Wednesday, 27 July 2022

Acme Fire Cult, Dalston

Like lots of places, Acme Fire Cult was closed during the two most extreme days of the heatwave early last week. Being a restaurant largely based outdoors, and with the smaller inside bit not air conditioned, they quite rightly decided they could neither comfortably serve their customers or put their staff through a full shift of cooking over hot coals when even the un-chargrilled air temperature was pushing 40C.

It is perhaps for this reason, then, that due to a reshuffling of bookings, tables at this exciting young restaurant (it's barely a few months old in the current location) are even harder to come by than usual. And believe me, even on a usual day they're pretty hard to come by. Without perhaps deliberately setting out to be one of the most talked about spots in East London, the guys at Acme Fire Cult (that's chef-owners Andrew Clarke and Daniel Watkins) have nevertheless hit upon an attitude and approach that anyone interested in good food in the capital will swoon over, whether they know it yet or not.

Firstly, and almost uniquely for a live-fire restaurant (although Berber & Co had a good bash) the menu is largely vegetable-focussed. Seven out of the nine starters, and two out of the five "large" plates have a vegetarian main ingredient, and while it's true they do serve pork chops and sirloin to those determined to get their fix, myself and a friend found ourselves, unrepentant meat eaters on any normal day, ordering no steaks or chops and just two seafood dishes. The scallops were first to arrive - skewers with plump, rich roe delightfully included (why is this still such a rarity?) and topped with a slick layer of fragrant green curry.

Bread comes from the wonderful Dusty Knuckle bakery right next door (literally, they share a party wall) and appears on the menu in various exciting forms. The house bread, for example, is an excellent sourdough soaked - and I do mean soaked - in "Marmite" butter, the "Marmite" in quotes no doubt down to the fact it's some kind of experimental yeast extract the AFC fermenting and pickling boffins had come up with themselves rather than anything out of a jar from Unilever. Also full marks for having a healthy shaving of truffle as an option for only £3 extra, in stark contrast to a certain mac & cheese dish in Berkshire.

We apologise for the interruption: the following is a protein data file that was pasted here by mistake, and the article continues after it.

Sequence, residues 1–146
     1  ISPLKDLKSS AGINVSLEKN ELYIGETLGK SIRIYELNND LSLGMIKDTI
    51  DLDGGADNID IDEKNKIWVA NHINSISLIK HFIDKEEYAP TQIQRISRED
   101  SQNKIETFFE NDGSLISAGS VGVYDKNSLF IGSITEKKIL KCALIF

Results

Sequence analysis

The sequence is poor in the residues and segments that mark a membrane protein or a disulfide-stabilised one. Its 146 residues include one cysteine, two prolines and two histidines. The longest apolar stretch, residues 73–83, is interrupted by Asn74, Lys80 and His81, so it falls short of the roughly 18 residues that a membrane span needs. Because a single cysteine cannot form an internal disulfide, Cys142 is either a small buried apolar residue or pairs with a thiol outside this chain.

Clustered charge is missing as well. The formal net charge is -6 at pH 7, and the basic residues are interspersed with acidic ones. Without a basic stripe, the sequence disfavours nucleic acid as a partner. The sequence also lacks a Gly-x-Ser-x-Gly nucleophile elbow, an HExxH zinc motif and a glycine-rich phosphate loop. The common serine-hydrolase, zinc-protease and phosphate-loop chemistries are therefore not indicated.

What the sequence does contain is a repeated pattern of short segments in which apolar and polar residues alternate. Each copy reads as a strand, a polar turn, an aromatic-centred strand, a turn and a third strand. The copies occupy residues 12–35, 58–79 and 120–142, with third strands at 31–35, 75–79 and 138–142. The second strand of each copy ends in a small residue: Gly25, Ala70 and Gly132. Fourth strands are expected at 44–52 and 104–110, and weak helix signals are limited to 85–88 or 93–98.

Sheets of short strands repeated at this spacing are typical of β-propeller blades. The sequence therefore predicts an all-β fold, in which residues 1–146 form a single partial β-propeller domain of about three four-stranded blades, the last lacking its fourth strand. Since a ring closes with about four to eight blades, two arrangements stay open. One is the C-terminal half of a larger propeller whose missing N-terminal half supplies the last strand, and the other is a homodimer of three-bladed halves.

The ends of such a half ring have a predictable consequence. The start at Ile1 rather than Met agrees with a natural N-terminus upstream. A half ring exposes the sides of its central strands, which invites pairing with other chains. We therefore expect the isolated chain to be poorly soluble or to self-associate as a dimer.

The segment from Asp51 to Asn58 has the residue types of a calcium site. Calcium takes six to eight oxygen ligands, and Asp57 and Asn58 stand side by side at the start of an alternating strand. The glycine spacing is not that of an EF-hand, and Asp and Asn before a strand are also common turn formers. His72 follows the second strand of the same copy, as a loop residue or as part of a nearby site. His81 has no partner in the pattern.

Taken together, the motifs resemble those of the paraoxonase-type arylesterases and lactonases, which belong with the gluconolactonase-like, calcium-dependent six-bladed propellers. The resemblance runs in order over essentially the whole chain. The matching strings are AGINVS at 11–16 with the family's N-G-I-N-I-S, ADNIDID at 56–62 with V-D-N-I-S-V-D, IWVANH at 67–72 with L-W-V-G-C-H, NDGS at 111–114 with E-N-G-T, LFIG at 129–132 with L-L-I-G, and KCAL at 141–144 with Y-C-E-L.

Smacked cucumbers and watermelon, gently and intelligently smacked (pickled), came dressed with ancho chilli oil, and let me tell you now there's few things better than the cooling texture of cold watermelon and the fire of chilli oil battling their way around your tastebuds at once. And for extra waste-free sustainability points, this dish included delightfully bouncy, jellified pieces of pickled watermelon rind as well.

Mutton merguez, lean and gamey and interesting, came with hibiscus-pickled onions and guindilla chillies. On a hot day I am often to be found eating fridge-cold guindilla straight out of the jar, so I was hardly going to object to their inclusion in a Spanish sausage dish. Labneh was fresh and light and cooling.